Ok, so below,very belatedly, is my entry for July traditions, it will be quite a short one but feel my poor neglected blog needed something. Quite scary that it is almost August really! I have a kind of excuse for being so bad at blogging, and writing in general really, since my last blog post. Before I get to the ‘July’ bit I thought I’d write a little excuse…
Excitingly I found a lovely flat to move to, I will probably be blogging about that very shortly too. I had been living back at my parents for a quite a while, so was doing most of my writing stuff in my, pokey it has to be said, bedroom. Very luckily I discovered a flat to rent the other end of my village. So, for about a month I was sorting, chucking, finding, boxing and moving bits and generally having a bit of a clear up/out of clutter and stuff I wanted. No room for anything else, literally and mentally! Amazing how tiring it can be…really!
So, now I have finally moved (last Friday) and am all settled and sorted I can now use the lovely space that is my flat. I am living by myself which is even better. Anyway, enough about that for a bit, I can feel a post about my new, er, life, is quite imminent as I like it so much.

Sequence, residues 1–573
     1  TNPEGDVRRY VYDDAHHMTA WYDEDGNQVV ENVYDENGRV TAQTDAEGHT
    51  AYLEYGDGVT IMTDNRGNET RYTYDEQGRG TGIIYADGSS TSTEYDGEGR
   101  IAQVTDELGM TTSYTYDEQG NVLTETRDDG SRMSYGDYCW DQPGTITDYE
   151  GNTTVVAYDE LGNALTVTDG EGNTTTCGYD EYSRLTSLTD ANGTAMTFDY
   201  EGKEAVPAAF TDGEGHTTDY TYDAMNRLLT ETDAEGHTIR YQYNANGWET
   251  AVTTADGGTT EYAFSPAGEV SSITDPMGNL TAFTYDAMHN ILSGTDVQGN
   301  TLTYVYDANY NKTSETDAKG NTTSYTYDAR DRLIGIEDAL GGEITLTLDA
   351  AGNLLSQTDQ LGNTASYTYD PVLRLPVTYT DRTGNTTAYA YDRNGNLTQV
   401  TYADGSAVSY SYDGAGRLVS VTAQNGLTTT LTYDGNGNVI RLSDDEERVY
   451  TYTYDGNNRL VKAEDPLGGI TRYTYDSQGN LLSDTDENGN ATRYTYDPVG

July, then. What is there in July that caught my eye. I was intrigued by Swan Upping so thought I would do a little Swan Upping research to find out more.
Swan Upping ceremonies have been happening every summer since the 12th century, the ceremonies are really a census of the Swan population along stretches of the Thames taking in at least five counties.
The tradition is said to have begun when the Crown in the 12th century claimed ownership of all mute swans. In those days they also ate them at banquets and feasts! They are, thankfully!, no longer eaten but the Crown still enjoys ownership but only on certain stretches.
Swan Upping happens over a five-day period in July, the ‘swan uppers’ wear a traditional costume and can be seen in six rowing skiffs over their five-day journey.
The swan uppers are on the look out for Cygnets, on finding a brood a shout of ‘All up’ can be heard. Once a brood has been spotted the cygnets will be weighed, measured and checked for signs of injury. After a full health check they are then set free again with individual identification tags.
A report is made of the findings which goes towards helping conservationists to protect the swans which is far better than finding them and eating them!
Watch this youtube video below about swan upping for more information